The Career of Michèle Mouton: A Women in Motorsport Hero

Known as the ‘First Lady of Rallying’, Michèle Mouton is a former rally driver who currently works within the Fédération Internationale de l’Automobile (FIA). Born on June 23, 1951, Mouton’s impact on motorsport has been truly remarkable.


Image courtesy of FIA Women in Motorsport Commission

Michèle’s rallying career began in 1973, when she co-drove a Peugeot 304S with her friend, Jean Taibi, in the 1973 Monte Carlo rally - the first-ever event in the World Rally Championship. After this, she decided to compete as a rally driver herself and debuted in the Rallye Paris-Saint Raphaël Féminin in an Alpine-Renault A110. Mouton’s official debut as a driver in the World Rally Championship (WRC) came in 1974, where she finished twelfth in the Tour de Corse. The following season, she finished P7.


In the first few years of her career, she found success in multiple different races and championships. This success continued for many years after. From 1974 through to 1978, Michèle won multiple French and European Ladies Championship titles, including the Rally of Spain in 1977. In 1978, Mouton drove for Fiat France and took the win in both the Tour de France Rally and the Lyon Charbonnières Rally.



In 1981, she was announced as an official driver for Audi, a role she remained in for four years. In the same year, she became the first woman to win a round of the FIA WRC at Rallye Sanremo, Italy and she remains the only woman to win. In fact, Michèle Mouton is the only woman to have won any FIA World Rally Championship level competition. This is an amazing achievement that, to this day, still highlights that we need more female participation in motorsports.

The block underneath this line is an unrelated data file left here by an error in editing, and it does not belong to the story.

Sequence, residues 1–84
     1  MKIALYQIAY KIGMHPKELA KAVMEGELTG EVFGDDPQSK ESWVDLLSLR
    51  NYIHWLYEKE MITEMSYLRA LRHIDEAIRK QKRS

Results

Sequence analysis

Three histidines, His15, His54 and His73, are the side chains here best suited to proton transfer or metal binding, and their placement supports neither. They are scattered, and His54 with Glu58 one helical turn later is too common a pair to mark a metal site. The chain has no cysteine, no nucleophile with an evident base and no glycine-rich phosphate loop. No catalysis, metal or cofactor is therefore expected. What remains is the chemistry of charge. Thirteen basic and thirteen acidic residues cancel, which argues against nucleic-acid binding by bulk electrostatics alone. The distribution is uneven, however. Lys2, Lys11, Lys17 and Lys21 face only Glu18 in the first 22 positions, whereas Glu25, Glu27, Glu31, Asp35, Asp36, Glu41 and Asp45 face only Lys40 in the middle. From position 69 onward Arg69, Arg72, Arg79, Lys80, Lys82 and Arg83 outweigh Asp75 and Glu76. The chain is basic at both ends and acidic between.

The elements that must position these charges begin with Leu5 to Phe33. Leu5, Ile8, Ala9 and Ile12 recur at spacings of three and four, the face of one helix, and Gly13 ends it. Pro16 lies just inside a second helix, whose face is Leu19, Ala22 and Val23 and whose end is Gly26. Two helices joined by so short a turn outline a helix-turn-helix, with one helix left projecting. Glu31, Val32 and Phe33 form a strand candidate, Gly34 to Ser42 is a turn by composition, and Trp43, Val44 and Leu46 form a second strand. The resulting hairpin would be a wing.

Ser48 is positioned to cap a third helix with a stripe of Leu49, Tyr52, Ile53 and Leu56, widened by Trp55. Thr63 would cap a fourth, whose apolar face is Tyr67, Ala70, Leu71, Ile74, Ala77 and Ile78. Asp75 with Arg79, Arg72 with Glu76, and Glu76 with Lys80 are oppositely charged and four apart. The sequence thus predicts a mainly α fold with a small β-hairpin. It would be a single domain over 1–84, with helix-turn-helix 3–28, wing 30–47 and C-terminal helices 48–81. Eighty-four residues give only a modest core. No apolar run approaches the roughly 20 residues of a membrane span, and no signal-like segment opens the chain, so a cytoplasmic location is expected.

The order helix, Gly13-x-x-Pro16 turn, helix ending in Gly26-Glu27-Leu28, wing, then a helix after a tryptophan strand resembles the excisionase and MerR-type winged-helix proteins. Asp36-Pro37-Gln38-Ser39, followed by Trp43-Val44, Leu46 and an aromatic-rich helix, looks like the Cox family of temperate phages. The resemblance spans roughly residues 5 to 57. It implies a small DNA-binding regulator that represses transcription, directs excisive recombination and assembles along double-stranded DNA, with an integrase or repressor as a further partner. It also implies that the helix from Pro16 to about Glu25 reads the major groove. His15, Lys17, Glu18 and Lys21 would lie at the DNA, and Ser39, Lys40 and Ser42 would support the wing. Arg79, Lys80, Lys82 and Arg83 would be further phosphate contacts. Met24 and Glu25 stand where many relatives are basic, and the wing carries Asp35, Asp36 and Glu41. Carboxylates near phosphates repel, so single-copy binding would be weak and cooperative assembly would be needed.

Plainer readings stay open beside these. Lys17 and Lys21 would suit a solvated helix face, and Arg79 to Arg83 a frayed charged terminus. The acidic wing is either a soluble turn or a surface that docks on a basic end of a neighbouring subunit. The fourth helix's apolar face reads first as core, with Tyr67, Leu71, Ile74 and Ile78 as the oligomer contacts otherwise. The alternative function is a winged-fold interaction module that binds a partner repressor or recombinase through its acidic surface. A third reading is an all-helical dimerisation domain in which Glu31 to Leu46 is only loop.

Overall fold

She was the Vice-Champion in 1982 and continued to compete during the years leading up to her retirement from rallying in 1986. Group B machinery was introduced in 1982 and these cars were known as the ‘most spectacular rally cars’. Manufacturers assumed they were too complicated and could not be competitive until Audi introduced the Quattro, which gained immediate success. Mouton was behind the wheel of a Quattro during her time with Audi, however, Finnish driver Henri Toivonen was the title favourite as a result of his dominance in 1986. That all changed during the Tour de Corse in Corsica, the seventeenth stage of the WRC.


Mouton was forced to retire from the Tour de Corse 1986 due to a technical problem with the gearshift in her Peugeot 205 T16 despite running in third and knowing that this round would be her last. One day later, championship favourite Toivonen and his co-driver, Sergio Cresta, were killed in an accident. As a result, the FIA banned all Group B machinery.


About her participation in the Tour de Corse, Mouton said “for me, it was the best rally”, although she knew she had to stop. Michèle retired at the age of thirty-five, but not before dominating the 1986 German Championship, which led her to become the first female to win a major rally title at the peak of its most challenging era.


Image: Lemonde.fr